How are you using this time in quarantine to get creative? Have you mastered any skills or experimented with anything new?

M: 2020 has been wonderful for getting creative. Not everyone feels this way, but I have been so preoccupied with work for so many years that it was extremely therapeutic to be able to explore creatively without guilt. I think as freelancers we are always wondering where our next job is, or “what if I’m not doing enough,” etc. that we forget that it’s healing to do art for art’s sake. Since one cannot do makeup from home, I spent a large portion of quarantine with my parents in Davis,California. I got back into water color, did some tie dye, printed linoleum cuts, and remembered how to sew. My mom and I went to the same college, and have almost the same art degree, so releasing creative energy and exploring different artistic avenues was a major part of my upbringing. I was always allowed to make a mess doing something creative as long as I cleaned up after.  

What advice would you give to readers who want to be more experimental with their makeup, but don’t know where to start? 

M: My advice for people who want to get more playful with their makeup is simple: start small. And this refers to the price tag too. Pick one thing to try and take it from there. If you want to experiment with bright eyeshadow, get a fun NYX palette. If you want to play with glitter, go to the dollar store craft aisle. If you’re dying to try a dark lip, get a lip liner from the drug store. Focus on getting comfortable with this one new thing, and see where it takes you. When doing editorial [or] more bold looks I think it’s a good rule of thumb to choose the area of the face you’re playing up, and keep the rest nice and natural.  

How do you balance cool new makeup trends or looks with a more laid-back approach to beauty?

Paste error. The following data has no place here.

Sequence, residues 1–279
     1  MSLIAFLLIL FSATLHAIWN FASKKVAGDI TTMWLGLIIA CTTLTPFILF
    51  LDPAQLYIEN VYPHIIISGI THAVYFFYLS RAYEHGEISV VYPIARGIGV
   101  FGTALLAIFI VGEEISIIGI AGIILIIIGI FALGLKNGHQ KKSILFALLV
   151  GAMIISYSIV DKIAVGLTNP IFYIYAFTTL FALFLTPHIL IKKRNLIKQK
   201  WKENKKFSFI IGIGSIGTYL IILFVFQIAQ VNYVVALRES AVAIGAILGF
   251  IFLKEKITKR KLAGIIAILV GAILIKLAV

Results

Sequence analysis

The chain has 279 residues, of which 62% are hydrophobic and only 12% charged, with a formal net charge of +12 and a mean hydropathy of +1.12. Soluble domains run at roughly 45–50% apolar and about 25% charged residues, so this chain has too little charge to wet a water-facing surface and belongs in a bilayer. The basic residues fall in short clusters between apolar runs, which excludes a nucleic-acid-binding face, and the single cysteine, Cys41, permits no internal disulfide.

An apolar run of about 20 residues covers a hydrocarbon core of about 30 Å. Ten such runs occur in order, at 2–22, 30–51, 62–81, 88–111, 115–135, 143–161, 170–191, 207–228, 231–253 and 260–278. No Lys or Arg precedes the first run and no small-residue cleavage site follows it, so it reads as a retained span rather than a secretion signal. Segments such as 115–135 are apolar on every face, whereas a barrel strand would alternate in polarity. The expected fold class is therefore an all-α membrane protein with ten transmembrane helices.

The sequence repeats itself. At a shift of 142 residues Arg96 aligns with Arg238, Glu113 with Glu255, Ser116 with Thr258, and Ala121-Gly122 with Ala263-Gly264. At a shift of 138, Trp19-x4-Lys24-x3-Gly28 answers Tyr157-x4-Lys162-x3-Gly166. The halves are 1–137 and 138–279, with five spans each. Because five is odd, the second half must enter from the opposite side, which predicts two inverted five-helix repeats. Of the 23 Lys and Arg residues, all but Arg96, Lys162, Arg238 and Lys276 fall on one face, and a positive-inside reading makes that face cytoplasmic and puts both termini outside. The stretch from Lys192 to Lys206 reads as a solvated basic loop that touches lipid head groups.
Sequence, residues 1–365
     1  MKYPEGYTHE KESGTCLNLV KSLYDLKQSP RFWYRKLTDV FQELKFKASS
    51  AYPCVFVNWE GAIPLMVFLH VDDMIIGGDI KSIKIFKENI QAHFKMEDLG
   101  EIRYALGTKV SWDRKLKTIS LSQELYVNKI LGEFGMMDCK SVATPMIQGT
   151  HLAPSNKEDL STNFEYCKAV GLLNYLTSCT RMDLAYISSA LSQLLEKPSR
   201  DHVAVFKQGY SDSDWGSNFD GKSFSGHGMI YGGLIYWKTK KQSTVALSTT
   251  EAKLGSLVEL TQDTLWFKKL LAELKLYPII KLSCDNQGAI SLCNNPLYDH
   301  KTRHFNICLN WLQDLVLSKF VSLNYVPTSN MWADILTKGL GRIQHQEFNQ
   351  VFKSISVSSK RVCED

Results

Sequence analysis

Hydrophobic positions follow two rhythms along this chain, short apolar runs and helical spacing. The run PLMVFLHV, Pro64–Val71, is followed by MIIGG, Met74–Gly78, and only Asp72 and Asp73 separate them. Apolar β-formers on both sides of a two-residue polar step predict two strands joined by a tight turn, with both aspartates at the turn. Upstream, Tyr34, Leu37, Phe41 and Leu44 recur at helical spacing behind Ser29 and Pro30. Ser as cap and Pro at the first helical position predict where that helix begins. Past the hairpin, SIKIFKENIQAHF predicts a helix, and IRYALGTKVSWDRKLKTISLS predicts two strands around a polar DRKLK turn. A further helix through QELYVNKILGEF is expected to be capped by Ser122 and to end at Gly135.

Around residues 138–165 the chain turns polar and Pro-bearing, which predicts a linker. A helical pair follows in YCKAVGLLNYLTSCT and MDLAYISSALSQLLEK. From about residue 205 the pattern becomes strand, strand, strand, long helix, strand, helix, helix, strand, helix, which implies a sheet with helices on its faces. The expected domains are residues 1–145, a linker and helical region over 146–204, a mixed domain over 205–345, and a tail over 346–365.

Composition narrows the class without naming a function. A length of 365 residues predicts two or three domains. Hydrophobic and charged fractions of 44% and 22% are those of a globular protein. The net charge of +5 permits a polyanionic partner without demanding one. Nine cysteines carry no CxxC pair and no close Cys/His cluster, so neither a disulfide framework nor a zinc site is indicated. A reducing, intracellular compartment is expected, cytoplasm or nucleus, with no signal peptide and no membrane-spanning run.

M: For this shoot, I kept the skin dewy with cream blush and not too much powder. The brows were kept pretty fluffy but defined, and the lips were almost across the board a tinted lip oil or chapstick. That way, when the eyeshadow did a big 180, everything else could stay the same and not look overdone. The less curated your makeup looks, the cooler it looks, so use your fingers, smear it around, blot it, spit on a q-tip, make your own rules. 

I know I just told you to make your own rules, but do actually follow this one [because] it’s foolproof: any time you’re doing a full face, keep your shades within the same tone and it’ll never look off. By tone, I mean if you’re using a bright coral red lip, don’t use a ballet pink blush. If you’re using a terracotta brown shadow, use a golden highlighter. Warm with warm, cool with cool.  

Where can our readers find you on social? 

M: On my instagram! @seriouslymofun

Ahead, read on for Morgan’s tips on how to recreate her three favorite looks from the latest ManiMe Fashion X campaign shoot, and shop the collection here.

Happy Hour: 

  • Lightly cover any imperfections or discoloration with concealer — let your skin shine through!
  • Apply a warm cream blush on the apples of the cheeks with your finger (I used Kosas).
  • Powder under eyes and around the nose with a little loose powder.
  • With a fluffy blending brush, spread a matte terracotta eyeshadow or blush in your crease to create depth.